Solid waste and Sindh
March 6th, 2015 | By Fahad Iftikhar Virk and Nazia Ehsan | No Comments
Solid waste includes solids or semisolids, non-soluble materials (including gases and liquids in containers) such as agricultural refuse, demolition waste, industrial waste, mining residues, municipal garbage, and sewage sludge. The most common types of solid waste are municipal solid waste, industrial waste, agricultural waste and hazardous. The solid waste composition varies from region to region and time to time. There are following different types of waste. Biodegradable waste i.e. could be decomposed naturally such as food and kitchen waste, green waste, paper, etc. Recyclable material i.e. could be recycled again and again; such as paper, glass, bottles, cans, metals, certain plastics, fabrics, clothes, batteries.
Inert waste not liable to decompose such as construction and demolition waste, dirt, rocks and debris, electrical and electronic waste (WEEE); such as electrical appliances, TVs, computers and screens. Composite wastes; such as waste clothing, Tetra Packs, waste plastic. Domestic hazardous waste and toxic waste medication; such as paints, chemicals, light bulbs, fluorescent tubes, spray cans, fertilizer and pesticide containers and shoe polish. Solid waste generation in Pakistan ranges between 0.283 to 0.612 kg/capita/day and the waste generation growth rate is 2.4 per cent per year.
Solid domestic waste is typically dumped on low-lying land. This land could be used for more productive purposes and potentially valuable recyclable materials are lost. The following are the main problems regarding solid waste management in Pakistan. There is no proper waste collection system. Waste is dumped on the streets. Different types of waste are not collected separately. There are no controlled sanitary landfill sites.
Citizens are not aware of the relationship between ways of disposing of waste and the resulting environmental and public health problems. The unavailability of proper disposal methods and resources for solid waste managing results in various environmental and human health hazard effects. Problems can spread over a wide area. Skin and eye infections are common. Dust in the air at dumpsites can cause breathing problems in children and adults. Flies breed on uncovered piles of rotting garbage and spread diseases like diarrhea, dysentery, typhoid, hepatitis, and cholera. Mosquitoes transmit many types of diseases like malaria and yellow fever. Dogs, cats and rats living around refuse to carry a variety of diseases including plague and flea born fever. Intestinal, parasitic and skin diseases are found in workers engaged in collecting refuse.
The most serious problem is groundwater contamination. As water filters through any material, chemicals in the material may dissolve in the water, a process called leaching. The resulting mixture is called leachate. As water percolates through municipal solid waste, it makes a leachate that consists of decomposing organic matter combined with iron, mercury, lead, zinc, and other metals from rusting cans, discarded batteries and appliances. It may also contain paints, pesticides, cleaning fluids, newspaper inks, and other chemicals.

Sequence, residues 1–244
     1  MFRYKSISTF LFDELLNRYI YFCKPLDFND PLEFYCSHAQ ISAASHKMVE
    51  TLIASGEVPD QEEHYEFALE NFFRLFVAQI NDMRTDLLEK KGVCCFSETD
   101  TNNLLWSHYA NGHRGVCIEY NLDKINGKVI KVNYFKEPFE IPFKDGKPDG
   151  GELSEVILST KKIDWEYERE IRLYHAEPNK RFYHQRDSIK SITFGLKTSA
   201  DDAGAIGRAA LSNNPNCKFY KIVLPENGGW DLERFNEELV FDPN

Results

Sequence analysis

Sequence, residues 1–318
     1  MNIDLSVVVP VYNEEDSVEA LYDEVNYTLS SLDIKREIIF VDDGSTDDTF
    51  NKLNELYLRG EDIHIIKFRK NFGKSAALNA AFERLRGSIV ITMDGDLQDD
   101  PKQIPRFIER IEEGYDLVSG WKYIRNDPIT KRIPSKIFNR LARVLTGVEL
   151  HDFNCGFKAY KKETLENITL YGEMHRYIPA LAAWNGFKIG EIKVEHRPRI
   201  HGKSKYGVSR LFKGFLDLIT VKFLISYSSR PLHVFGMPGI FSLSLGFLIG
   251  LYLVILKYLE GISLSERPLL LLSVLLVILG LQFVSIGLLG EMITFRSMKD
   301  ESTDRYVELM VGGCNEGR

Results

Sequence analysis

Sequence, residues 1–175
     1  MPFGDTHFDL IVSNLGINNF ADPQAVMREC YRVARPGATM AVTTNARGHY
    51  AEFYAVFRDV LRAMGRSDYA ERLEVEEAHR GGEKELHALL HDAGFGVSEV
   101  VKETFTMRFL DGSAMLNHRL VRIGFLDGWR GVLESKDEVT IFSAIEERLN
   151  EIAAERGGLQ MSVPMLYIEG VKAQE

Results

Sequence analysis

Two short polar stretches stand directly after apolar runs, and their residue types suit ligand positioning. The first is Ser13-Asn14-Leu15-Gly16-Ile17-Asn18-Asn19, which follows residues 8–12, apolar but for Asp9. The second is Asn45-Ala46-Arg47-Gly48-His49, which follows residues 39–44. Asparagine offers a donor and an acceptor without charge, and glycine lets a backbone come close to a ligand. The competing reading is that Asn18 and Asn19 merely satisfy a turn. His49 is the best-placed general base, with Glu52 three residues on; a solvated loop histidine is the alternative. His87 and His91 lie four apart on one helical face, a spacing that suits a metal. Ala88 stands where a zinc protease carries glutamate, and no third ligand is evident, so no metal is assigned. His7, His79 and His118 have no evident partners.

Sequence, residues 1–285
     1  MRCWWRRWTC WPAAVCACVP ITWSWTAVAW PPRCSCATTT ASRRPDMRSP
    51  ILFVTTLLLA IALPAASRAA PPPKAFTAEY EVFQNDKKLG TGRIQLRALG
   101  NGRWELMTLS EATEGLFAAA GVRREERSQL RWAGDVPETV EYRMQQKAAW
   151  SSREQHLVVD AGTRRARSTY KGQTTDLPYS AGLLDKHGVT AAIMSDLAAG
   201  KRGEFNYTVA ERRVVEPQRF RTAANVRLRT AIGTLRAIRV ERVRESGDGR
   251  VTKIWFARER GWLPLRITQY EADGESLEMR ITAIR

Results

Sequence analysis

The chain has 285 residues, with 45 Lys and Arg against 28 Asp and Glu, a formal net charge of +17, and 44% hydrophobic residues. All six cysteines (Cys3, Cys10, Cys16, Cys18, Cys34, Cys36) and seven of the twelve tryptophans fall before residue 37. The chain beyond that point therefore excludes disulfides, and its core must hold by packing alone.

Contaminated water can have a serious impact on all living creatures, including humans, in an ecosystem. When waste is burnt heavy metals like lead, toxic gases and smoke spreads over residential areas. The wind also carries waste, dust and gases caused by decomposition. Putrefaction of waste in sunlight during daytime results in bad smells and reduced visibility. Karachi is the industrial and corporate centre of Pakistan. This one city alone contributes. About 20 per cent to the countrys GDP accounts for half of the governments revenue.
At the same time, its port handles majority of the countrys sea-borne trade. However, all this come at a certain price. The sea water of the metropolitan is considered to be the worst affected part of the countrybecause of the discharge of industrial waste from Korangi, Landhi, and Karachi ExportProcessing Zone. In the Korangi industrial area; 2,500 industrial units including 170 tanneries dispose untreated waste into the sea. A continuous flow of water with animal dung from Bhains Colony is another source of pollution. Added to this are the oil spills from shipsand fishing trawlers transiting the port. Interestingly, City District Government Karachi is among the biggest cause of polluting the sea by throwing three tons of waste in it on a daily basis.
The resulting situation is a harbinger of many ills. It is disrupting fishing activities, paralyzing economic activities and eventually impacting the local fishing communities. Besides depriving the fishermen from their livelihood, the growing pollution levels are also destroying the marine life. Some of the marine life is contaminated with lead, which if consumed by humans through seafood, can lead to anemia, kidney failure, and braindamage. Even the mangrove forests, protecting the feeder creeks from sea erosion as wellas a source of sustenance for fishermen, are threatened by this pollution. Unfortunately, this ever worsening situation has failed to draw the attention of both thepublic as well as private sector. Till date no serious initiatives have been taken in this regardand even now the attitude of concerned authorities is marked with a lack of commitment.
The first writer is M.Sc. (Hons). Environmental Sciences, while the second one is Lecturer Zoology, University of Agriculture, Faisalabad, Pakistan.
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